The Type II Terry’s Patent Carbine as produced by Calisher & Terry was manufactured at their Birmingham workshops, located at 22-24 Whittall Street. The firm moved into that location in 1861 and remained there until they went out of business circa 1869-70. The “Door Bolt Breech-Loading Carbine” as it was more popularly known, was manufactured with a 21” barrel of 30-Bore (.539 caliber) with a 1 in 36” rate of twist. The carbines had an overall length of about 34” and weighed approximately 6 pounds, 4 ounces. The gun was loaded by pulling the action operating handle out, away from the breech, rotating it upwards about 90-degrees and pulling it back. This opened the primitive bolt and allowed the insertion of a self-consuming combustible cartridge in the breech. Pushing the handle forward allowed the bolt plunger to insert the cartridge in the throat of the barrel and sealed the breech. Rotating the handle back down and folding it in secured the bolt and locked the action closed. A standard percussion cap was then placed on the cone (nipple) and the carbine was ready to fire. The commercial guns were manufactured with a sling swivel on the upper barrel band and another one screwed into the toe of the stock. A cleaning rod was carried in the channel under the barrel and an extension with an integral cleaning jag was stored in the buttstock under an iron door. The guns were iron mounted and were blued. A snap cap (nipple protectors) was attached to a small mounting stud, forward of the triggerguard, via a teardrop shaped brass chain. The stocks were of varnished walnut and some of the commercial guns had checkered wrists and forends like many of the Volunteer Rifles of the era, while the military contract guns invariably had plain stocks.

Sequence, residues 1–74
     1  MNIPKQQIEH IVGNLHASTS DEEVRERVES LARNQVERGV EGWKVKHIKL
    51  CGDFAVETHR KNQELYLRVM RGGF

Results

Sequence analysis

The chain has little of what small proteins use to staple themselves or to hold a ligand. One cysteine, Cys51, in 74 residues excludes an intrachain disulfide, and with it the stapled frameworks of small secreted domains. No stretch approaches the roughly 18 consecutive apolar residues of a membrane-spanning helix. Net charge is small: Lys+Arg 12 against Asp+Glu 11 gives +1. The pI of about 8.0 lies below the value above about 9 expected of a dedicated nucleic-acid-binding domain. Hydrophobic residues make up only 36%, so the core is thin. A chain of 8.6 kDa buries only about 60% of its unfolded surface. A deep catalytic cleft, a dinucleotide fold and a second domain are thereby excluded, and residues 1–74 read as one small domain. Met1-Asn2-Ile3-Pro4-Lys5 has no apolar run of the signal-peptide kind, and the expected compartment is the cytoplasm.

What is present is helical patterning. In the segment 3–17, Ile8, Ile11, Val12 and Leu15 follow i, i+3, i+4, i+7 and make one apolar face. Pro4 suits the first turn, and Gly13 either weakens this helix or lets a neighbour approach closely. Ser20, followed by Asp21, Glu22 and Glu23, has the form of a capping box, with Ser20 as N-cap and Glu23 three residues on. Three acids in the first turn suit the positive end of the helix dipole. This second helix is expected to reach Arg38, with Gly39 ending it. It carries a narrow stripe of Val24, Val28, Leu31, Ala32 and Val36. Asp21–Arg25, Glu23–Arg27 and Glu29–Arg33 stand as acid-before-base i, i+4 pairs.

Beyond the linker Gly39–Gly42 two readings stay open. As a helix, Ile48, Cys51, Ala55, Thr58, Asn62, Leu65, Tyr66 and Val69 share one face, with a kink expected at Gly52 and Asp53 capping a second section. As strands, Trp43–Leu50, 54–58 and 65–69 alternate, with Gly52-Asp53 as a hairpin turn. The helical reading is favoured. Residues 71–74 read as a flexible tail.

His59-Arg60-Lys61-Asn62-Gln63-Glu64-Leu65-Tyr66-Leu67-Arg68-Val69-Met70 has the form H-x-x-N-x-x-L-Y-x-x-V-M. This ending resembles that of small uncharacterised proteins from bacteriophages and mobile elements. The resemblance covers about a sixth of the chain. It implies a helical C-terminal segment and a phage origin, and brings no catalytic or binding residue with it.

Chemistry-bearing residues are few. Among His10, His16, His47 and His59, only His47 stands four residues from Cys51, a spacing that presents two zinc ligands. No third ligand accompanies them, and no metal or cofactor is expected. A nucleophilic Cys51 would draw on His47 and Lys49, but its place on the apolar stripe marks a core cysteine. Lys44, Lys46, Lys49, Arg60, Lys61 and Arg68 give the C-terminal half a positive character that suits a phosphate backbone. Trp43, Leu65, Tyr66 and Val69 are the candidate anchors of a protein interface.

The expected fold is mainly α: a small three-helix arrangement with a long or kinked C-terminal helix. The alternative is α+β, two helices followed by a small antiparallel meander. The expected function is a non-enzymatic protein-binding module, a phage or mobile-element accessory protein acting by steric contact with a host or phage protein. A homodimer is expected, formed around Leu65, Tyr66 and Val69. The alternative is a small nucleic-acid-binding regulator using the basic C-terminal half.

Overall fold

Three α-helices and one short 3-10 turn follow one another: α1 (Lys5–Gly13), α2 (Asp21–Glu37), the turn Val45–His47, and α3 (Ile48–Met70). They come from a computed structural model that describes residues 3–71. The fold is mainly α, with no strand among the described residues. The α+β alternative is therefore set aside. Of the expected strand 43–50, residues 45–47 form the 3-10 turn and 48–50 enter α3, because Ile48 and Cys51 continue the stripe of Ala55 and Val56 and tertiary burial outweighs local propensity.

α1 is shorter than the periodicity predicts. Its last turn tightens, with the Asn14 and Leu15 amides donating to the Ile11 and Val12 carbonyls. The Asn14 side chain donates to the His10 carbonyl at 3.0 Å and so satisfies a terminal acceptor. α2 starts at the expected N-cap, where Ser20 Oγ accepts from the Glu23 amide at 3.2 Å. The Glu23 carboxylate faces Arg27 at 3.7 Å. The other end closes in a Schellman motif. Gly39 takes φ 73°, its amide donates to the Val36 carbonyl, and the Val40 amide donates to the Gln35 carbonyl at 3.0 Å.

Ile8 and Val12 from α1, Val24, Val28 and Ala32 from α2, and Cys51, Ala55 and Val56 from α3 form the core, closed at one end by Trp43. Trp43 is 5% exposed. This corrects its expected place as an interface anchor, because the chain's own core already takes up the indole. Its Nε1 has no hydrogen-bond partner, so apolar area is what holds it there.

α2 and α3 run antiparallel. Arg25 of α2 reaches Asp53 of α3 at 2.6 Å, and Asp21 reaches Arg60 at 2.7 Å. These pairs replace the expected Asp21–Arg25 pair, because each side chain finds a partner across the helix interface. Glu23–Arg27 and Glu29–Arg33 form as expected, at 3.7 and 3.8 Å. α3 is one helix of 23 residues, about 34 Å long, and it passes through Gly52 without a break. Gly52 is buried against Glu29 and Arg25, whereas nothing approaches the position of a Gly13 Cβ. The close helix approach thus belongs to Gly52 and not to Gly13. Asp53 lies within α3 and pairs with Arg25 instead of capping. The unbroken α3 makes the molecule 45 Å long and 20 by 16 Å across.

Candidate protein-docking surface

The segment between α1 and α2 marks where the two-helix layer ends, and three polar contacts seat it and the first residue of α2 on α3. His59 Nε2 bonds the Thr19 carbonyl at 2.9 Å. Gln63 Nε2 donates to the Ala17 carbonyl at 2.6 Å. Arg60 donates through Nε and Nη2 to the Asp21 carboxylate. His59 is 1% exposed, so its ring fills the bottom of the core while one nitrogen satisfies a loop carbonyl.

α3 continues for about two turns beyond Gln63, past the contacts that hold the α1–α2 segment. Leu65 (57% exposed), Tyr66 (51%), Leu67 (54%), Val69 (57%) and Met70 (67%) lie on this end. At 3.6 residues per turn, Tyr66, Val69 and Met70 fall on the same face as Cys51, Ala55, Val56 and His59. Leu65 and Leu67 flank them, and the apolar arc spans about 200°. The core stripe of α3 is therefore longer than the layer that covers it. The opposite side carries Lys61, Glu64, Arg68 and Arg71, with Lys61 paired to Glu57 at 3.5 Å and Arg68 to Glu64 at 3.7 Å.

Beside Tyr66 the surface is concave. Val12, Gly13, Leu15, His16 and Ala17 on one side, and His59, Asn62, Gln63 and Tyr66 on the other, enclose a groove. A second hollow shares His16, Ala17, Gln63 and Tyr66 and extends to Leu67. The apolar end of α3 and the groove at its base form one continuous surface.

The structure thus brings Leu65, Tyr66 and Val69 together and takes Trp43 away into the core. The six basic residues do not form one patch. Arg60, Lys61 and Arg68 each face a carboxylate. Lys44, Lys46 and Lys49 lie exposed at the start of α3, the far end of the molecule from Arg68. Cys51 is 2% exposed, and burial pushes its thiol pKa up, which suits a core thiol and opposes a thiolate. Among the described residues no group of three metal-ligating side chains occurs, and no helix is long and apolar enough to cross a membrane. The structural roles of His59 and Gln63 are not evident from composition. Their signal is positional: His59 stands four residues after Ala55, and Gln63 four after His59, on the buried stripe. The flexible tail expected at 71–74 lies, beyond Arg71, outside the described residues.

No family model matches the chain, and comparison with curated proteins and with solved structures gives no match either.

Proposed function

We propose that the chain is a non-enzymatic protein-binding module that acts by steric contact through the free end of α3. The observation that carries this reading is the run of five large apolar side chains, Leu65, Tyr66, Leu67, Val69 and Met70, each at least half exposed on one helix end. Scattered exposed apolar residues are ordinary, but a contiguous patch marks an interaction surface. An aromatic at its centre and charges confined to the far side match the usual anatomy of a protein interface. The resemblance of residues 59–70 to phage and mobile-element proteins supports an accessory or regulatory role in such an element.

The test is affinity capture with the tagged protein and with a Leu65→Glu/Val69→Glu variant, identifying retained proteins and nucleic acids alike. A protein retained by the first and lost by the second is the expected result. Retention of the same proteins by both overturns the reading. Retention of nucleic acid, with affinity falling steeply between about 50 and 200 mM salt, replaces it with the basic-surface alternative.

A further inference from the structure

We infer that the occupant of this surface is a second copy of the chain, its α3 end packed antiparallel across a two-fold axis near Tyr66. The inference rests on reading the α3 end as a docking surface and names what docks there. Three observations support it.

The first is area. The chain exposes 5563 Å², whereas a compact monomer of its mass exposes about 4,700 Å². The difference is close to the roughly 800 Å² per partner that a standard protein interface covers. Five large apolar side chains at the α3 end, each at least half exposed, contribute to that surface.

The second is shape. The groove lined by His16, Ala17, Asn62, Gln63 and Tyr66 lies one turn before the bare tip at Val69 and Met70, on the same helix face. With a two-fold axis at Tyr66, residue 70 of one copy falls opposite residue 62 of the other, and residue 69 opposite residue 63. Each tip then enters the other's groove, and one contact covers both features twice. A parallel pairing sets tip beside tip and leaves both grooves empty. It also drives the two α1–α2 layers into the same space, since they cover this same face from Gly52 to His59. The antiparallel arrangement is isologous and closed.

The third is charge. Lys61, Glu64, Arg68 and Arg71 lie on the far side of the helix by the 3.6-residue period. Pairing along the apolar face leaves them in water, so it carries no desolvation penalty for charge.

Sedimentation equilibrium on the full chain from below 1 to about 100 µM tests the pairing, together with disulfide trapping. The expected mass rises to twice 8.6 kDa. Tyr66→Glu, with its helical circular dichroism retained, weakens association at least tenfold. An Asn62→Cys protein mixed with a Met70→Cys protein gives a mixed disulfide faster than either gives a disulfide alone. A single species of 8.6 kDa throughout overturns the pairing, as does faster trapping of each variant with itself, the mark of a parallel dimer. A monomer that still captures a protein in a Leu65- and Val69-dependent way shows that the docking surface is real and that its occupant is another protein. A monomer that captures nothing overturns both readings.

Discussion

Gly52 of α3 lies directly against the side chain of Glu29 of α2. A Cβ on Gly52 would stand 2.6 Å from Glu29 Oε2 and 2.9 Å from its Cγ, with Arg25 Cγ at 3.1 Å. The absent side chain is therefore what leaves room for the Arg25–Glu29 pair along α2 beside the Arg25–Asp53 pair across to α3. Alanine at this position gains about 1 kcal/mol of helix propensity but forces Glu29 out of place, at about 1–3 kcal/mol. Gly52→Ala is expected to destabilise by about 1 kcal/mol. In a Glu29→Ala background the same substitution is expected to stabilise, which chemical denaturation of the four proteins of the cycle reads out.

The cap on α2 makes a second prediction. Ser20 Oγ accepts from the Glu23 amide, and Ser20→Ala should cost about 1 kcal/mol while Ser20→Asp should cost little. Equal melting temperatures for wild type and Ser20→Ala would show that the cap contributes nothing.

An interesting indication that the Confederacy attempted to acquire a number of Terry’s Patent Carbines is a three page letter from Confederate General Colin McRae, contained within the McRae Papers in the collection of the South Carolina Military Museum & Relic Room in Columbia, SC. The letter dated December 3, 1863 and received on December 4, 1863 sets out a list of arms and supplies that McRae hopes to purchase. These include: